A: Fluff it

Q: How much does a turkey weigh?
A: 10 pounds

Q: What else do you like to eat with turkey?
A: Donuts

There you have it!

Chefs, don’t forget to fluff the turkey. And if anyone knows the secret of baking a ten-pound turkey in ten seconds, be sure to let the rest of us know.
Take Time to be Thankful

Meanwhile, on Thanksgiving Day, enjoy your donuts, or pie or whatever else you like to eat with turkey. 

And don’t forget “T” is for Thanksgiving this year.


Sunday, November 11, 2018

Fascinating First Lines: Part One


FASCINATING FIRST LINES

Part 1

Writing Down the Bones sounds like a strange title for a book, doesn’t it? But Natalie Goldberg’s goal was to help writers unleash their creativity and I  think she succeeded.

When a supportive friend gave me a copy of this book, I found it not only inspiring, but fun.

One of Goldberg’s suggestions was to take the first line from something you read, then expand it in your own way.

Though I wrote these years ago, the ideas are not outdated:
Hope Brings Joy


Age doesn’t matter in the realm of possibility. In a world full of inequity, it’s nice to know possibilities are open to all ages. The key to them is not age, but hope. A little child can hope just as easily as an aged adult. Maybe easier. Age can blunt the edges of hope until possibilities seem further away and longer in coming. But hope is related to that grain of mustard seed called faith. Plant the seed of hope, or faith, and you’ll reap a harvest of possibilities in due season.


Life is Full of Stuff
The longer I live, I know I can’t have everything. As a child I knew I couldn’t have everything because my parents said so. As a young adult I knew I couldn’t have everything because my finances said, "No way." As a mature adult I knew I couldn’t have everything because I’d already tried for many years and never had it all. The good thing is that at this age (retirement) I don’t even want it all. I accumulated a lot of STUFF over the years, and then what? I ended up downsizing and had to get rid of most of it.


Gifts Are Personal
If a person has a gift, he should open it. Have you ever handed a person a gift and heard them ask, “Should I open it now?” The answer most likely was, “Yes.” Part of the fun of giving a gift is seeing the person’s reaction when they open it. Some people get excited just because they received something. It doesn't matter if it is large or small. You thought of them---that was enough. God thought of us when He created the world. He gave us the gift of twenty-four-hour days. He waits in anticipation of our reaction upon opening His gift daily. He wonders what will they do to redeem the time today?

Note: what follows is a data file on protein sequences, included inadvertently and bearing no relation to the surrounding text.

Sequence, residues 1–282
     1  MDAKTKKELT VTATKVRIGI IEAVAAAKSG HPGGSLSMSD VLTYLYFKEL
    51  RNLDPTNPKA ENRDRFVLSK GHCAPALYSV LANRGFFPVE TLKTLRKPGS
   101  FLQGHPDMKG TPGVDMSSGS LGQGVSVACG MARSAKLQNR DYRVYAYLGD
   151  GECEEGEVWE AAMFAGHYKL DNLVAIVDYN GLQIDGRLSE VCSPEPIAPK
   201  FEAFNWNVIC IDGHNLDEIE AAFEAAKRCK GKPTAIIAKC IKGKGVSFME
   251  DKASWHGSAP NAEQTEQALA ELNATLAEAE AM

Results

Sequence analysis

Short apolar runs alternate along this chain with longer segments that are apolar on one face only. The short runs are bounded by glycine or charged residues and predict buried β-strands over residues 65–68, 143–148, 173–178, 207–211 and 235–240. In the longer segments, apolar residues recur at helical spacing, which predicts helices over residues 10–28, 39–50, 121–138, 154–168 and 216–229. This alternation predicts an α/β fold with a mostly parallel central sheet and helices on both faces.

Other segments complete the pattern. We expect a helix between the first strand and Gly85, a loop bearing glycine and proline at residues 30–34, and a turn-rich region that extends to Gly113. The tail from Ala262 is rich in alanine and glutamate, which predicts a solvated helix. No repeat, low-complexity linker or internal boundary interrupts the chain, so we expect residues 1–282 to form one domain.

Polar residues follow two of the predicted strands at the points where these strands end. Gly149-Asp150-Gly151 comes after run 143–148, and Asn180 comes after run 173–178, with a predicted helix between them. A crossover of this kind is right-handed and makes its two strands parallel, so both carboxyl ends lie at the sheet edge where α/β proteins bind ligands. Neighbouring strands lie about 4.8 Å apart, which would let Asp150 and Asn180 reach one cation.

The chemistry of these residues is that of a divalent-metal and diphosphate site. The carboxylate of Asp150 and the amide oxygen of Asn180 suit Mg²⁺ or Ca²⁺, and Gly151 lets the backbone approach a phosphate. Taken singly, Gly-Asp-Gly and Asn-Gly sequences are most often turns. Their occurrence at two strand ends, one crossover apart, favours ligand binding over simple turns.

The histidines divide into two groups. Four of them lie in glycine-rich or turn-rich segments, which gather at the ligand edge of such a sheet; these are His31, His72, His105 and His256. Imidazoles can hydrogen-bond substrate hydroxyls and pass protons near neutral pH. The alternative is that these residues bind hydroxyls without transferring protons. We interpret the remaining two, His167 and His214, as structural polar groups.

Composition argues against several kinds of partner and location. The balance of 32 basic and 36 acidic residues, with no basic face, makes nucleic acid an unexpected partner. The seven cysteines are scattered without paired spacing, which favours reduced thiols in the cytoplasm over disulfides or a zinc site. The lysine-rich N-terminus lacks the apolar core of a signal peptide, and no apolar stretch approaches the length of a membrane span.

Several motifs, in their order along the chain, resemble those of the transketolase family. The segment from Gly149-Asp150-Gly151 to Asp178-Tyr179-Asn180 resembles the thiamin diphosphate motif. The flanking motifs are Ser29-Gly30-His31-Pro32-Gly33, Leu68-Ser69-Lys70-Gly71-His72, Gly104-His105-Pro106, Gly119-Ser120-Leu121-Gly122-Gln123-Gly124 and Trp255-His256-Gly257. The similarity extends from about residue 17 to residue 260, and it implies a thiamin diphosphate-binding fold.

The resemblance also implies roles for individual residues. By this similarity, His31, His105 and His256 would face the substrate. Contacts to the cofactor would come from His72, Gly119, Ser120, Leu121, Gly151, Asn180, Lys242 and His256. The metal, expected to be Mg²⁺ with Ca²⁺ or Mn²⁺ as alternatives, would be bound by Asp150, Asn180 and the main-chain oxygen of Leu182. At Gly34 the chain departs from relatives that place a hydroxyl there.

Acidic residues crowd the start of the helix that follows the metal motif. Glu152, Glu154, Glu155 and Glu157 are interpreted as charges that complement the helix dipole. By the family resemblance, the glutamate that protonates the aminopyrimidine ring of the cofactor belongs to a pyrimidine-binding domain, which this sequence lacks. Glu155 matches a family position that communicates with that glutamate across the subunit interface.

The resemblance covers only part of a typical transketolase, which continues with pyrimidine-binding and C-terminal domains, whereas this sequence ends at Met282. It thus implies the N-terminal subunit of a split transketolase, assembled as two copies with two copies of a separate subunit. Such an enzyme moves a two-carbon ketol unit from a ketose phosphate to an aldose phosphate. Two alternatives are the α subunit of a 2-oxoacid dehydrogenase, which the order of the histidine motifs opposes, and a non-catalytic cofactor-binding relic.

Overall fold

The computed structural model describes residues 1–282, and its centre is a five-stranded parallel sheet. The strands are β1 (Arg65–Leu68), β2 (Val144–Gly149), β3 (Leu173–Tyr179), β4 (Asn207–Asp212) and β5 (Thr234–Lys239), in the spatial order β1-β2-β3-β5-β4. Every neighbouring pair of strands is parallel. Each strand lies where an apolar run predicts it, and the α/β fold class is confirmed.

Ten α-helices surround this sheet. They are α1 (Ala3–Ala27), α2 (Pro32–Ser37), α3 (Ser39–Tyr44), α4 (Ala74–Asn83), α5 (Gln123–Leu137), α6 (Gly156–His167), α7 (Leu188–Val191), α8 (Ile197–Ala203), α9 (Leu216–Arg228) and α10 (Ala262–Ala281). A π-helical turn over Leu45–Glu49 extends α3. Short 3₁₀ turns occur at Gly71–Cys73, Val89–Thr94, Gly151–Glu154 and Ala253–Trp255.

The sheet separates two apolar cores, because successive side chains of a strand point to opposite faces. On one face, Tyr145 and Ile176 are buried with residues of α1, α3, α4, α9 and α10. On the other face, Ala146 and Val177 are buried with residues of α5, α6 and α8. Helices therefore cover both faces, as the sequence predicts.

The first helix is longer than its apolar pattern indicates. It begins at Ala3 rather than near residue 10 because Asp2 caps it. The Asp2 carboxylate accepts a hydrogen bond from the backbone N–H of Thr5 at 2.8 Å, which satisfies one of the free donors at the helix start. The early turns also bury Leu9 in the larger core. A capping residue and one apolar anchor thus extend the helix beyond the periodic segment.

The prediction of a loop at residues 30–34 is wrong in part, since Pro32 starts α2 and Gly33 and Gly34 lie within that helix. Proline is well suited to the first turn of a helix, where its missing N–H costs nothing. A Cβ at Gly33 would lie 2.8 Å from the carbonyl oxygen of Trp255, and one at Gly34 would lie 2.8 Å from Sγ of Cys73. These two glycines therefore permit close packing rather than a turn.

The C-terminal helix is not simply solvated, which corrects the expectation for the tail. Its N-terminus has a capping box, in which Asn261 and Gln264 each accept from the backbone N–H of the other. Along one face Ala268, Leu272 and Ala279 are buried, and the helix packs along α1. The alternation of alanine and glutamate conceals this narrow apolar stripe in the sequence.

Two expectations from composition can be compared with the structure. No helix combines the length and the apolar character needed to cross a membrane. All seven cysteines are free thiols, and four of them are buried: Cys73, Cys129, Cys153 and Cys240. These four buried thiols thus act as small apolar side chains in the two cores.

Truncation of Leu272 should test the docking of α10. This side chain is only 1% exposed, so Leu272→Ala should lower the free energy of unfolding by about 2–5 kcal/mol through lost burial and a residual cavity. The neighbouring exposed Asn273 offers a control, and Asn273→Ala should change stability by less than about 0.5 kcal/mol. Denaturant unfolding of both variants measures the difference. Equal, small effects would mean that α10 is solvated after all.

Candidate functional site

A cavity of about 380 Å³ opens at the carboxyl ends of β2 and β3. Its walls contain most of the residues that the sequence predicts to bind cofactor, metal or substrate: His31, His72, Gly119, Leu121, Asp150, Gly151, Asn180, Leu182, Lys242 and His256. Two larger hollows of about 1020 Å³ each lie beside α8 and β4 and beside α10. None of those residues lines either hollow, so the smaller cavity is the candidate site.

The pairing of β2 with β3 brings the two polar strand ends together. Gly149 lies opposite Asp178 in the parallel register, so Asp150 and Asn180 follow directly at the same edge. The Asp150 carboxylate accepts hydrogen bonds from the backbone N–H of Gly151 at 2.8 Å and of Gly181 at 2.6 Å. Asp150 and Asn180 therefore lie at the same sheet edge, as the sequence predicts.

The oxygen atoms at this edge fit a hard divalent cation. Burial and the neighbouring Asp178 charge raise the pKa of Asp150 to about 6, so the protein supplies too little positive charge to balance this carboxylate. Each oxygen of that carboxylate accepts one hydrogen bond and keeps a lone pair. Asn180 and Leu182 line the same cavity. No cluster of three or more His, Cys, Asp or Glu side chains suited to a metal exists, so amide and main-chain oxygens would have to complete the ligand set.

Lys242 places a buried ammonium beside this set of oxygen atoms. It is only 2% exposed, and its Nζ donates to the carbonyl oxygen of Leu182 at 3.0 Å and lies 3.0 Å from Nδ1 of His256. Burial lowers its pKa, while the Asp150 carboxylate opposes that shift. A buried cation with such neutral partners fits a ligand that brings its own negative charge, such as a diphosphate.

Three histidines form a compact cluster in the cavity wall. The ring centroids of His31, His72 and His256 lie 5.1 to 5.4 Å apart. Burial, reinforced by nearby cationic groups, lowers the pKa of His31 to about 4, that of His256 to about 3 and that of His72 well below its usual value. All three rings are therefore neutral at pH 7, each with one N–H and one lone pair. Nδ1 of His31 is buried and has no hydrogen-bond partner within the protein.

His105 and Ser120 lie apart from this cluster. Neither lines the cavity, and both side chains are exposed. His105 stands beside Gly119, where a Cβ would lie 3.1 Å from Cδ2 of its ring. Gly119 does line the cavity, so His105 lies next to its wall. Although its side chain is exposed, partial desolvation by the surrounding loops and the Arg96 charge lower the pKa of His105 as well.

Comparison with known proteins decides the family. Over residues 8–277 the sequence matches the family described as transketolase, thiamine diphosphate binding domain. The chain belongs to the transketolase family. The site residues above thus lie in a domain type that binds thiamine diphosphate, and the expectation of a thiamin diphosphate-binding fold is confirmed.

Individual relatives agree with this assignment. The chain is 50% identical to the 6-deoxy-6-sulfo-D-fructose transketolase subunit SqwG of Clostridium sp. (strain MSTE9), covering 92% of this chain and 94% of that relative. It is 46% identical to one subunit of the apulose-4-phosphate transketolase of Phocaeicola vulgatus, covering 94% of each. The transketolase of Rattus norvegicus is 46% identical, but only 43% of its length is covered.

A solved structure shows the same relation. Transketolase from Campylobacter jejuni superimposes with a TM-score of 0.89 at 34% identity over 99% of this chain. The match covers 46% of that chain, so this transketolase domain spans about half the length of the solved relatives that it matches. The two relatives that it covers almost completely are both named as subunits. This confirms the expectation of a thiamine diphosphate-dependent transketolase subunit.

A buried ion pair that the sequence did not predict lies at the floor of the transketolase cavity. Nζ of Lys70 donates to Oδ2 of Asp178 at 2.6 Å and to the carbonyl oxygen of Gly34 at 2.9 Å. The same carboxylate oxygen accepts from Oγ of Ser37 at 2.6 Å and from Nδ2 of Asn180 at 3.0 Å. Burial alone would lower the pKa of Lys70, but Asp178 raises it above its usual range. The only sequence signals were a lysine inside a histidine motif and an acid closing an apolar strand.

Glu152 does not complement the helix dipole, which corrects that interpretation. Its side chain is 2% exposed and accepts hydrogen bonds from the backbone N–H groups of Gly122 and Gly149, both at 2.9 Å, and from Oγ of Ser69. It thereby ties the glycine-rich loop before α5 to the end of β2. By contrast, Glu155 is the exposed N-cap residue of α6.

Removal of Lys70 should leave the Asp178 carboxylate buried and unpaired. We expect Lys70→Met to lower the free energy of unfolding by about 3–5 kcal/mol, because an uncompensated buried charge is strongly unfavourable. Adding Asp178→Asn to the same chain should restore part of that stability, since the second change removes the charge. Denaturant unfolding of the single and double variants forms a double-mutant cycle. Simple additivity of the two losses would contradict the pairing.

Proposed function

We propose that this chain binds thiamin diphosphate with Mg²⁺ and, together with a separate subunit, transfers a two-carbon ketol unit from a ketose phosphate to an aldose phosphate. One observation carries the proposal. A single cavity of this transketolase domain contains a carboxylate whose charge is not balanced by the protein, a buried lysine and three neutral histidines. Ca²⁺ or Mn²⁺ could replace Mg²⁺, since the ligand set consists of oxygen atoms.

I read a lot, but finding a fascinating first line is like searching for gold. Perhaps that’s why I think these paragraphs still have value.

My hope is that they fascinate and inspire you, too.

Sunday, November 4, 2018

The Value of Waiting


THE VALUE of WAITING


You've probably heard don't count your chickens before they're hatched. If you grew up on a farm you learned the value of that advice. But if you were a city girl, like me, you probably considered it a nice cliché.

A Chicken Coop in the Country 
A grade school friend often invited me to share her country life. One of her jobs was to collect eggs, but I wasn’t much help. I was so skittish around the hens that my friend would just laugh as she completed her chore.

Fertilized eggs can produce baby chicks if incubated for the proper amount of time at the right temperature. 

Getting anxious and disturbing the eggs to see if anything has happened might cause disappointment twice---once when checked prematurely and later, when they have failed to hatch.

Waiting is Part of Life
Brooding hens know the value of waiting as they sit on eggs which will produce offspring. 

But humans brood, too. We call it being anxious, moody or worried as we wait for something to happen.

Goals, for example, need time to hatch. Have you ever set a goal and started working toward it only to think nothing is developing, so why am I wasting my time

Without results in your expected time frame, you begin to think your goal no longer has value.

You might be brooding over educational or career goals. Or perhaps it’s the development of a meaningful relationship. You’ve tried to allow time for it to hatch, but it seems lifeless. 

Since there’s no time chart for human relationships, you brood over it wondering what should I do?

Doctors, Treatments, Reports to Review
I once brooded over a medical diagnosis and long-term treatment plan. As friends and family prayed for me, they would ask, “How are you doing?”

While reviewing medical reports and doctors’ comments, I asked the same question. I had hope for recovery, but my expectations were premature. 

More time was needed to produce positive results.

Giving up was not an option, so I decided to hatch good health by following the advice of the Psalmist: “Wait for the Lord; be strong and take heart and wait for the Lord” (Psalm 27:14).

You Are Not the Only One Waiting 
Wait was the word of the day so I took it to heart.

Farmers are not the only ones who have to wait for results. People everywhere know that fulfillment of hopes and expectations take time.

Allow yourself to learn the value of waiting.